trying to decide for myself, what I mean when I say I like Giger’s work... I mean, I obviously like the verisimilitude of the images, the marvelous imitation of three dimensions, air and texture... that he created with his airbrush... I like the fact that he incorporated the nude figure in new and what I found to be provocative ways and that he was not afraid of sexual images... I like the idea of the film Dark Star having a psychologist discuss the images and art works because I believe that Giger’s works function on a very preconscious level for me…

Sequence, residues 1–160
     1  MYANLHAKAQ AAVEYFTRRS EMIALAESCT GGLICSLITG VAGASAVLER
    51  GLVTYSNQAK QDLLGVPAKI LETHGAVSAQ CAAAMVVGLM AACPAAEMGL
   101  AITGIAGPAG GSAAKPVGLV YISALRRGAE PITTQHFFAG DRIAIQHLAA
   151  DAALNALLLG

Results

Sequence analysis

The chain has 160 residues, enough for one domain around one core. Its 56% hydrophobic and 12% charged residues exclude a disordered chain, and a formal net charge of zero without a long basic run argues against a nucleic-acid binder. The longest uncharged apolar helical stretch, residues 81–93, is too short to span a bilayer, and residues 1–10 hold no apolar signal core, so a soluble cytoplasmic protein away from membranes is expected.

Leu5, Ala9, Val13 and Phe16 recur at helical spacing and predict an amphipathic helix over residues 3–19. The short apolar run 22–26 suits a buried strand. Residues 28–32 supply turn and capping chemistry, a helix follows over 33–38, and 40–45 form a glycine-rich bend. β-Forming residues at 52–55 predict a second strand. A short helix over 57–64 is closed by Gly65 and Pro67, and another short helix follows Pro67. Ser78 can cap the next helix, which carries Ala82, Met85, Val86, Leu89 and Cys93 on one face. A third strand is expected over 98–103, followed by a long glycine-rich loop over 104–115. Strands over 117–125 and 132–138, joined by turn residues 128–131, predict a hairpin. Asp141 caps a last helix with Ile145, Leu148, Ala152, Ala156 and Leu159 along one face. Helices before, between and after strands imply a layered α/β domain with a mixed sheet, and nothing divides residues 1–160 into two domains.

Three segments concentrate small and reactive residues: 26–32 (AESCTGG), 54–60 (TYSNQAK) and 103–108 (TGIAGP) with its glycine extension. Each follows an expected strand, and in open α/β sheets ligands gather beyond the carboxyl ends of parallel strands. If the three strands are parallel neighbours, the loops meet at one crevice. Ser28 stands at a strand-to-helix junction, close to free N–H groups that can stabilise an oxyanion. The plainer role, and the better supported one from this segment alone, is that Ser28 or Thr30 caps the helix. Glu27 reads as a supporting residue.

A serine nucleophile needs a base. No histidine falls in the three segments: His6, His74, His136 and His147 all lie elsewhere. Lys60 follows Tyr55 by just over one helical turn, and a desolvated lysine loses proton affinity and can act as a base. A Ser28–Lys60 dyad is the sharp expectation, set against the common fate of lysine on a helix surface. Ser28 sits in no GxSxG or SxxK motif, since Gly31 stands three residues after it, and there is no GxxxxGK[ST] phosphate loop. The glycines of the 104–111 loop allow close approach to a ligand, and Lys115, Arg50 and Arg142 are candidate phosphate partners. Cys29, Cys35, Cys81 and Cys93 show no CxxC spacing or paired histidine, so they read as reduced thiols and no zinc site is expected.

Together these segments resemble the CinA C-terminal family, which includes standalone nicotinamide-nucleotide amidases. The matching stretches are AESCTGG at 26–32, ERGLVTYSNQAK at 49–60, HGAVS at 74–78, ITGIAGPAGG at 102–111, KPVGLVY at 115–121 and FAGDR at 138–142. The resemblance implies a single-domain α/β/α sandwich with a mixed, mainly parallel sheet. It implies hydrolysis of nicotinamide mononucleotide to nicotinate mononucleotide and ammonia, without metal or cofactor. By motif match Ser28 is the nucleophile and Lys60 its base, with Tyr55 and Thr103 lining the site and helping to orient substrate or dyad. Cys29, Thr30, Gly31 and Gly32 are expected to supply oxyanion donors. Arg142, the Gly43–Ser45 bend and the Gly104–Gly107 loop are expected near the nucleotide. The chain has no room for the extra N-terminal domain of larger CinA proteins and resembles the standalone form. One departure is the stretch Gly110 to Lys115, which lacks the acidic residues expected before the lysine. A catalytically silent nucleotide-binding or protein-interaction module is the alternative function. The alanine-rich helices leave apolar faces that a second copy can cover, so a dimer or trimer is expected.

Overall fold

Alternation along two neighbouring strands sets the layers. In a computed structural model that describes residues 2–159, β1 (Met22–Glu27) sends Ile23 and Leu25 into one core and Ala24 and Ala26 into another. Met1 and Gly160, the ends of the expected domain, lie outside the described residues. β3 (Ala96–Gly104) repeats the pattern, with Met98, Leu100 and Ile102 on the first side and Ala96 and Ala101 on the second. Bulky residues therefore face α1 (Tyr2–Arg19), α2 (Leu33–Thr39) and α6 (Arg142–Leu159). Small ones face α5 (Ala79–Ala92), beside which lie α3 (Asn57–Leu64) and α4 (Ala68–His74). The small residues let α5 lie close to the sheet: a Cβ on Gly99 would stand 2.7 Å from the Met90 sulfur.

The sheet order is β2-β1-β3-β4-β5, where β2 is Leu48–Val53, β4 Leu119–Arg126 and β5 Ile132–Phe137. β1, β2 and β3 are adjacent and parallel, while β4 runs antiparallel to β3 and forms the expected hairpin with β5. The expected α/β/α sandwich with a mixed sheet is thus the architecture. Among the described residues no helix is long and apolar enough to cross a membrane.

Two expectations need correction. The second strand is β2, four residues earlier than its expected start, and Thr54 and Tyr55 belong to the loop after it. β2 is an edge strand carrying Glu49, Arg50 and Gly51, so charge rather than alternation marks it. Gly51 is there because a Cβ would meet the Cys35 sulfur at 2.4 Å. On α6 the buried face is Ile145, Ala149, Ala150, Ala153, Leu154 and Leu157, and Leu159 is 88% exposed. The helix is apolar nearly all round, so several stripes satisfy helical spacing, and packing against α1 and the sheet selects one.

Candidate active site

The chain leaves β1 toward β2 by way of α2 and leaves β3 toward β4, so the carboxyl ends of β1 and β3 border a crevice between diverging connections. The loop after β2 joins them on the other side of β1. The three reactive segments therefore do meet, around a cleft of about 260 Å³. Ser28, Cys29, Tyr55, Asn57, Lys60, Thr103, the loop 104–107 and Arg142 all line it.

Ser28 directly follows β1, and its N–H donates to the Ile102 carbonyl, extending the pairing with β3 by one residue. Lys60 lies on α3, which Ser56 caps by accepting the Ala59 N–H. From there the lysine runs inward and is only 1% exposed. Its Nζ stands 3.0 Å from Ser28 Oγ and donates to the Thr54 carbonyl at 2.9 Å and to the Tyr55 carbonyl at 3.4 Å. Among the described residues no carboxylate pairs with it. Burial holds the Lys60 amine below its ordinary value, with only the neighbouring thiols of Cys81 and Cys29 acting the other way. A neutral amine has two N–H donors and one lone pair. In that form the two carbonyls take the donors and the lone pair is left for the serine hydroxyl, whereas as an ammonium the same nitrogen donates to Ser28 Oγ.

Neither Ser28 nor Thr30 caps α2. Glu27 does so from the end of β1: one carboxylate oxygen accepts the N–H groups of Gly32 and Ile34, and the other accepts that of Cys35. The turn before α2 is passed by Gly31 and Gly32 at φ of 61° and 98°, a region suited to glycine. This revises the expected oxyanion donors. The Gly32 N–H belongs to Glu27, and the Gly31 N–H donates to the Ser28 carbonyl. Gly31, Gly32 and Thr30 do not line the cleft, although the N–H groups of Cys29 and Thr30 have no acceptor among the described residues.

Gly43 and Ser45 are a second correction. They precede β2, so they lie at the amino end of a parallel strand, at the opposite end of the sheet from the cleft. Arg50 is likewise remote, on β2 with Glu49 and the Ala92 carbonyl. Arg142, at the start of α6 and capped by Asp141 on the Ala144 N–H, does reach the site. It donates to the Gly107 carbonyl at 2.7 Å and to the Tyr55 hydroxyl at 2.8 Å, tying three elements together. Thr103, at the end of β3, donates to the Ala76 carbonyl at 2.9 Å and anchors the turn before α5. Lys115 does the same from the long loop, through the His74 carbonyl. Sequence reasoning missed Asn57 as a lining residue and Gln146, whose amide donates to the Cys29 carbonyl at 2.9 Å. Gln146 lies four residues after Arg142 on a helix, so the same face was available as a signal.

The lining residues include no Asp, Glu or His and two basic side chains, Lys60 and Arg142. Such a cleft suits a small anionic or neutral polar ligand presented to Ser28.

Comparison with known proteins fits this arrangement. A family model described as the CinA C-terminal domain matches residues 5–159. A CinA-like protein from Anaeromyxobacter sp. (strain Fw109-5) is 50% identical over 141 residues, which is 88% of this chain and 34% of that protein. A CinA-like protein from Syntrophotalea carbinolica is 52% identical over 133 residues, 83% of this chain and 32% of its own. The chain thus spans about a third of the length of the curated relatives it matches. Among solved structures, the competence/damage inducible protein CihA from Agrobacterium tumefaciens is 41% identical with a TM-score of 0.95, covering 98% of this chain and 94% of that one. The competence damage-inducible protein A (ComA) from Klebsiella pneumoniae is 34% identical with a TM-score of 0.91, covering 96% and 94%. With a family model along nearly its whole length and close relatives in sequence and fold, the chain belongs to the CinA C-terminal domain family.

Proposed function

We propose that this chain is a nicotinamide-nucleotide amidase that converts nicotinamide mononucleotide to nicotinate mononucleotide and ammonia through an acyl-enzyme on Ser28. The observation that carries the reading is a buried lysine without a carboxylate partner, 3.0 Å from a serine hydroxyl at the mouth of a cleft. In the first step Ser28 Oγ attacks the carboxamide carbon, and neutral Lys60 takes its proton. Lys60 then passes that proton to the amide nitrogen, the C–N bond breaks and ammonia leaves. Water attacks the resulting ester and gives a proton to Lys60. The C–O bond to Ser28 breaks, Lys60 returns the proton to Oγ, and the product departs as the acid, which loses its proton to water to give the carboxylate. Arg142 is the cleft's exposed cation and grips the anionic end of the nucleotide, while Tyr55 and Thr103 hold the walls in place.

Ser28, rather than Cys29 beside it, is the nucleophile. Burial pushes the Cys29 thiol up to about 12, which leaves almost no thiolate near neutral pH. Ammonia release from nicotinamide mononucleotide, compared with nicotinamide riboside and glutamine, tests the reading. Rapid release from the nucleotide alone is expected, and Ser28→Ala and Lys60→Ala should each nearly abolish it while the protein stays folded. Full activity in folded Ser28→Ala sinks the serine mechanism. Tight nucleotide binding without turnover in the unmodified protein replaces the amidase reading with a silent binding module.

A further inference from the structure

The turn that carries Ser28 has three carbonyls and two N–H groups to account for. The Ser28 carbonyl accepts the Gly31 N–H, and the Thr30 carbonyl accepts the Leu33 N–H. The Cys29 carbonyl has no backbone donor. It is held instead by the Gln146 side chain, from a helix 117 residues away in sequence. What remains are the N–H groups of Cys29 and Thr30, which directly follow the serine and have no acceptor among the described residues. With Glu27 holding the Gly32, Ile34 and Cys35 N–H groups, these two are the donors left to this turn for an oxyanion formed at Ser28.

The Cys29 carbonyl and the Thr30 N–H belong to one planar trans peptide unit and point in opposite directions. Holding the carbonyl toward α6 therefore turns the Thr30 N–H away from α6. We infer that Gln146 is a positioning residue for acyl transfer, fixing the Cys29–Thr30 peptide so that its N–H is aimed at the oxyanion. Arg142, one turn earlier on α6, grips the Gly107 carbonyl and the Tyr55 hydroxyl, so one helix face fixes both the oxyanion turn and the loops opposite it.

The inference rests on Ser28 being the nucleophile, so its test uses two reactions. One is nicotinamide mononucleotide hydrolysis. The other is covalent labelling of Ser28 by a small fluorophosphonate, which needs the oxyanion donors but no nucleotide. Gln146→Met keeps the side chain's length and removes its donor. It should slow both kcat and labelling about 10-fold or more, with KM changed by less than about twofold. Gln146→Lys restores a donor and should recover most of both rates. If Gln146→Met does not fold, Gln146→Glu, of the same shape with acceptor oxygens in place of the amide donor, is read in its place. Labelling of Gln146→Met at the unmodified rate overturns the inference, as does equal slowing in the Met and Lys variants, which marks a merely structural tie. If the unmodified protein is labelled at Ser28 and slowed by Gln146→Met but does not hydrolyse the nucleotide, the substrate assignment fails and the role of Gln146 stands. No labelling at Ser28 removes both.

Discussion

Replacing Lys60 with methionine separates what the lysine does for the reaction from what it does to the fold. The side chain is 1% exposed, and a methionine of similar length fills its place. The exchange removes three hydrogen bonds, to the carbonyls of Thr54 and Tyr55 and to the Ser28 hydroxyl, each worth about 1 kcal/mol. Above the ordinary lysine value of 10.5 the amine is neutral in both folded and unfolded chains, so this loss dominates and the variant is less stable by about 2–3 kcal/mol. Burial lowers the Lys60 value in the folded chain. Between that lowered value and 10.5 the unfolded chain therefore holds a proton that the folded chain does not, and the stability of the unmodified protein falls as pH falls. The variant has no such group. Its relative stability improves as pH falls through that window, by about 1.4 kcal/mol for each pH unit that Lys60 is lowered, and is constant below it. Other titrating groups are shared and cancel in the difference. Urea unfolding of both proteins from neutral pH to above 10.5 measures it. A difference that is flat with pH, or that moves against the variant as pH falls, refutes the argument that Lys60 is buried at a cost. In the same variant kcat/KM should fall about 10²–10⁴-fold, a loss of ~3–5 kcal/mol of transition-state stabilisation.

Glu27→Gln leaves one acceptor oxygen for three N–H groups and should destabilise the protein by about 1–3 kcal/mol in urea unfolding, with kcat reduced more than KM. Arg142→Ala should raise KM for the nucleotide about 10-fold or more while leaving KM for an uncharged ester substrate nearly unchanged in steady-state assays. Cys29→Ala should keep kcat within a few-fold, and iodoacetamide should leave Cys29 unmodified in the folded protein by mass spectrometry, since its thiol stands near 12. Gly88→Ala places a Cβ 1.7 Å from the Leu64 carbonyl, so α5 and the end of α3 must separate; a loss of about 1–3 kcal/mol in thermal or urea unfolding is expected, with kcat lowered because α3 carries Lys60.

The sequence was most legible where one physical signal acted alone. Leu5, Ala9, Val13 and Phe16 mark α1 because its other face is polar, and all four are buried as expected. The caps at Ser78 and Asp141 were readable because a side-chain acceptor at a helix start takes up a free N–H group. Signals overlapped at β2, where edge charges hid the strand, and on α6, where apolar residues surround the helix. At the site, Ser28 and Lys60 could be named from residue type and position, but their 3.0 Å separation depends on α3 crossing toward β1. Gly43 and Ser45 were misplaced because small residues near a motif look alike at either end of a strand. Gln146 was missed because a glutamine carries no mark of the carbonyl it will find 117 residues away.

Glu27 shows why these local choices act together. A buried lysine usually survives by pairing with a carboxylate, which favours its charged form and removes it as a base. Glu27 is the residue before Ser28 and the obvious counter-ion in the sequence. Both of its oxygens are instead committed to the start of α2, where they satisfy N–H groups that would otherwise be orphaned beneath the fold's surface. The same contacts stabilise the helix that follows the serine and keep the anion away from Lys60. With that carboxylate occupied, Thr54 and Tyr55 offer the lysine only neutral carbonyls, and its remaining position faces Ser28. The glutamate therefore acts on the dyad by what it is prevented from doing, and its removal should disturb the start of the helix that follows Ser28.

I look at the works and am moved by them and compelled to come back to the images again, even thought to my conscious mind, the images are enigmatic and I could not tell you what they “mean…” this is perhaps the only point of tangency between my own art and Giger\s... I too am an intuitive artist... work on a piece until it feels right and do not feel any need to explain or understand what the images mean, or why the work even exists... it has to intuitively feel to me that a work has an honest reason for being, or I will continue to work on it until it does, or rub it out... in Giger’s work, I sense that same impulse... I doubt that he spent a lot of time explaining his images or even trying to explain them to himself... the images came up as he was working, he put them down and they felt right…